But that hasn’t stopped them from trying. Developing that sense of belonging for NU students has been a priority for Milliron, who arrived at the university last October. It’s apparently important to NU’s students, too; in an annual survey known as the Adult Student Priorities Survey, they rated the importance of belonging six out of a possible seven.

Much about NU’s structure is designed to accommodate the needs of nontraditional students. For instance, the university offers four- and eight-week courses, which Milliron said can be easier for adult learners with other obligations to manage than taking multiple 16-week courses at a time. Many of NU’s students have faced difficulties adapting to the format of traditional universities, which are typically designed for undergraduates fresh out of high school, Milliron said.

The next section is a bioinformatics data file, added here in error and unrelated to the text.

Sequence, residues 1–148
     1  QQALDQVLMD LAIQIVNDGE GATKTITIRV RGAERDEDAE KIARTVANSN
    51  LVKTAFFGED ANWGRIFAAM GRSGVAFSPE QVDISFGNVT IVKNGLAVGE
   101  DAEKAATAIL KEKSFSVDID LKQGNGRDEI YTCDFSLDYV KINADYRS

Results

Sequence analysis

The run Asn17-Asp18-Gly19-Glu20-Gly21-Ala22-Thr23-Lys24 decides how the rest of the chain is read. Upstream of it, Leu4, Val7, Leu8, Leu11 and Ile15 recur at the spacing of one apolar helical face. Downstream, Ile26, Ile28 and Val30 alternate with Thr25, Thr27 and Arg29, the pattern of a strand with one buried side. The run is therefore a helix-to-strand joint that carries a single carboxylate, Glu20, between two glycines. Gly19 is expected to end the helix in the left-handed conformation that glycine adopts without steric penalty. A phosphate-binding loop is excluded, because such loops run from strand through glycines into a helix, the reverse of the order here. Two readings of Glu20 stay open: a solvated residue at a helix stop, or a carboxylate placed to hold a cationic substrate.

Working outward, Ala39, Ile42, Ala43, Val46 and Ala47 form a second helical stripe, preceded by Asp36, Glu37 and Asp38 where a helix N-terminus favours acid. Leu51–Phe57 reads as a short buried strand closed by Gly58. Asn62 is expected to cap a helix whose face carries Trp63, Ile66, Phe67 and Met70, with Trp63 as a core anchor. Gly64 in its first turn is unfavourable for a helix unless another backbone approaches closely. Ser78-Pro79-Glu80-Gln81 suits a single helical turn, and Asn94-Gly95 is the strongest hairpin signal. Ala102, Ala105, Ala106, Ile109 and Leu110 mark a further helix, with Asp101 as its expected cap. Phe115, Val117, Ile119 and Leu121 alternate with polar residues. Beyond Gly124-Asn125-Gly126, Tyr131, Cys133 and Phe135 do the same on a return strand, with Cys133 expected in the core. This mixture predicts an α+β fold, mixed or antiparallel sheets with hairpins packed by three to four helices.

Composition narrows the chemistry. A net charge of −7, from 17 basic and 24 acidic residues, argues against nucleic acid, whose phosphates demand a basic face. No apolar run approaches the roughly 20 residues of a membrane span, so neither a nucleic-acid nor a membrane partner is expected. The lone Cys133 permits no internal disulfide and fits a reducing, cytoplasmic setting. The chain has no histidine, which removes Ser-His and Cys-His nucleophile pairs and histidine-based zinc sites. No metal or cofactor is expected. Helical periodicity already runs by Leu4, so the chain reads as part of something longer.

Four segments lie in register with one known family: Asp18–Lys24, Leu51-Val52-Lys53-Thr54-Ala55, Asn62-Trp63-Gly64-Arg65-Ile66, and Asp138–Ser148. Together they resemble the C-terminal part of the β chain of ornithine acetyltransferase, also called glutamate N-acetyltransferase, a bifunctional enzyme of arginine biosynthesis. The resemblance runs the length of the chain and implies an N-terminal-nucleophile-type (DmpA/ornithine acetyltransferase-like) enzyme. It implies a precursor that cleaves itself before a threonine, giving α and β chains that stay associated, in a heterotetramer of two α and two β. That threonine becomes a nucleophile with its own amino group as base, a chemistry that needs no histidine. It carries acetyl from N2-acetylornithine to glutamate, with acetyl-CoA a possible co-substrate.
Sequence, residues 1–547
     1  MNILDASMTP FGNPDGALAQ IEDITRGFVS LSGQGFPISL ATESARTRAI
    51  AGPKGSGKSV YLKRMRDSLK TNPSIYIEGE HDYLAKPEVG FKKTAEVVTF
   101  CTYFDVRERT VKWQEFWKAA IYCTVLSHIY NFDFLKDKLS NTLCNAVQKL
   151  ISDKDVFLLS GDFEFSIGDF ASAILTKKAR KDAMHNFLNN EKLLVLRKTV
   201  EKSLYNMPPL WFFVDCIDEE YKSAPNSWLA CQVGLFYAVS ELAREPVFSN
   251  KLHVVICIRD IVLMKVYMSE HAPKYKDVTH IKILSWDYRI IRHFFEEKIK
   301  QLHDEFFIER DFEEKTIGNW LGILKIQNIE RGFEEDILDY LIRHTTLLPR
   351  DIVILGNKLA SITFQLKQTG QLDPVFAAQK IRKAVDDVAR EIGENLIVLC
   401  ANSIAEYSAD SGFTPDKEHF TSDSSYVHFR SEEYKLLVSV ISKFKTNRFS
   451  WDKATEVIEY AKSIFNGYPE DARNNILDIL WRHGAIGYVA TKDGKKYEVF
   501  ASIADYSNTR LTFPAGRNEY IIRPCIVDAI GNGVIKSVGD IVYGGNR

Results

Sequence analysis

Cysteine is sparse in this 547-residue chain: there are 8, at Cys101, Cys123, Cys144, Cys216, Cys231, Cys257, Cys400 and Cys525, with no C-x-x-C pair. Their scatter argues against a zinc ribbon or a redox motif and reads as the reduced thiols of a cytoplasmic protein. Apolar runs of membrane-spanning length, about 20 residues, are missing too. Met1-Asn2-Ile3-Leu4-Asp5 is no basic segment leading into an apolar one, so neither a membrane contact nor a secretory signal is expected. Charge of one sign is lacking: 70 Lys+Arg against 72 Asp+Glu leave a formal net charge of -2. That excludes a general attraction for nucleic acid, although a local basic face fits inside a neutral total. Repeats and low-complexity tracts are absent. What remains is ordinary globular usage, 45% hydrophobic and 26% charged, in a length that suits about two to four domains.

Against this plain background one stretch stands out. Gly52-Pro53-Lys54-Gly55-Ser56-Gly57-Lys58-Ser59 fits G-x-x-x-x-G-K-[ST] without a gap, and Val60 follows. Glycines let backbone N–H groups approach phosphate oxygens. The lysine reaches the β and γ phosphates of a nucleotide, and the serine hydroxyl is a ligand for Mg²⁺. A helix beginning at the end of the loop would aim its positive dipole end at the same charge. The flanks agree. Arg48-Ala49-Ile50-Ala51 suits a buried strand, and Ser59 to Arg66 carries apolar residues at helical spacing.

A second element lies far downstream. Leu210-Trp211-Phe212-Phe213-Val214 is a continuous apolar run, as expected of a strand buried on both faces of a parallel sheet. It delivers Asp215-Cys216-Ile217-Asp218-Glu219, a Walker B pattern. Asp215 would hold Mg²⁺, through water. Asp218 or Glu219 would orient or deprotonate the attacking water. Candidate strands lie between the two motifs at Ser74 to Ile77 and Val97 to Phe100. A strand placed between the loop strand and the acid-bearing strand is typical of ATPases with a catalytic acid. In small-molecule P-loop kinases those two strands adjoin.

“This is a built-for-purpose university for working students,” he said. “In many other contexts, they feel like they’re a second thought. We’re built for this kind of student, and we want them to identify and belong [here].”

To him, the Navigator mascot serves as a symbol of those efforts.

“The idea of the Navigator gives them another thing, symbolically, to connect with,” he said.

Community Building On- and Off-Line

NU is not the first primarily online institution to introduce a mascot—or even the first to draw comparisons between its student body and a bird of prey. Western Governors University, which is headquartered in Utah and serves about 145,000 students, rolled out its night owl mascot, Sage, in 2011. The university settled on that particular icon because many WGU students take classes and study at night; students chose the name, a synonym for “wise,” in a social media poll.